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4 of 4 people found the following review helpful
5.0 out of 5 stars Safer, faster and better investing for most of us, March 30, 2009
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This review is from: How a Second Grader Beats Wall Street: Golden Rules Any Investor Can Learn (Hardcover)
Allan Roth's approach to portfolio management tickles my brain! His entertaining peeks behind the Wall Street curtain have opened my eyes to some of the dirty little secrets that plague not only me, but my widowed mother and other women who, unfortunately, seem unwilling to question their charming broker's claims to "beat the market." And, as Roth so elequently reveals, we end up paying dearly without even realizing the riches that have slipped through our fingers.

It's a good idea to keep a notepad handy as you read - not just for noting the easy changes you can make today that will make you real money tomorrow. You will find tons of those. But you will also come across thought provoking concepts such as behaviorial finance that you may want to store for later exploration. Or the neat bit on overcoming the "Google effect." (I'm not telling. You have to read the book.). And did you know that a small investment adjustment could save you more money than running your car on water?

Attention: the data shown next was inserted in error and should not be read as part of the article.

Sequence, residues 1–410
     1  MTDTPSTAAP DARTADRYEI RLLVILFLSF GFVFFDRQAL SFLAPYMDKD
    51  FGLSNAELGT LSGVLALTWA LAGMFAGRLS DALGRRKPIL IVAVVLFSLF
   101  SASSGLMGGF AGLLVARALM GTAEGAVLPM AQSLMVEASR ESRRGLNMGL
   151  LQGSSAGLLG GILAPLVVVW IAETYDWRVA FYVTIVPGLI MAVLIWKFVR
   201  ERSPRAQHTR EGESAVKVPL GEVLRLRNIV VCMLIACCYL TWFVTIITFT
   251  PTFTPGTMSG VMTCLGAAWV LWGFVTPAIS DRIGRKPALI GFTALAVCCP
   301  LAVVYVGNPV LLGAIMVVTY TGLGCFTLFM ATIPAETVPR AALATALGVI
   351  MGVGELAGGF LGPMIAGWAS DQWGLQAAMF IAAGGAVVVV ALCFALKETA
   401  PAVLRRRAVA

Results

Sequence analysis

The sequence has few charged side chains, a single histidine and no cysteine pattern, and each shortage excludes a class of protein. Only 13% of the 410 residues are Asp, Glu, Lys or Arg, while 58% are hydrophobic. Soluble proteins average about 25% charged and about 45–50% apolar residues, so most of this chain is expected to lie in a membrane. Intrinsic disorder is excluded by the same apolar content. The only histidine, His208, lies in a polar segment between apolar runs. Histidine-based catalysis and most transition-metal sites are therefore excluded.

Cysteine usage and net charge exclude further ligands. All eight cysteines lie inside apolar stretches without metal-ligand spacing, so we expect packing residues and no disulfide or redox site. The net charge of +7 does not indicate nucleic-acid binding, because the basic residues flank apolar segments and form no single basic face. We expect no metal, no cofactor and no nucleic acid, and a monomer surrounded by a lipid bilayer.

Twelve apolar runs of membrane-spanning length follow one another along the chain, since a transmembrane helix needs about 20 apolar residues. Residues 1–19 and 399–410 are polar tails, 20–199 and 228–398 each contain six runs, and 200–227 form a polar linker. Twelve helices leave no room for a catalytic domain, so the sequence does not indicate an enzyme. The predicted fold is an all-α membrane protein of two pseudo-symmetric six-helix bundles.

Knowledge is power, and thank you Allan for arming me with the know-how to grow my investments faster, safer, better. No more the "ignorance is bliss" investment approach for me or my friends. I've become, not just a convert, but a disciple buying gift copies for friends and relatives. It's my bible of investing. If you find a copy in your next hotel room, you will know that I am making progress!
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3 of 3 people found the following review helpful
5.0 out of 5 stars Stop watching Cramer and read this book, October 21, 2009
By 
This review is from: How a Second Grader Beats Wall Street: Golden Rules Any Investor Can Learn (Hardcover)
For those who go to your stock-broker-salesman for advice I recommend you read this book.

There is a whole cadre of people who are out to separate you from your money as you delve into the investment world and this book will help protect you from their misguided advice.

It is a book of wisdom for beginners but has tons of information for seasoned investor.

Set goals, understand personal risk tolerance, set asset allocation, diversify, reduce costs, rebalance and keep emotions intact, it's all presented in a way a Second Grader can understand.

This book will help you get the most out of your investment dollar.
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How a Second Grader Beats Wall Street: Golden Rules Any Investor Can Learn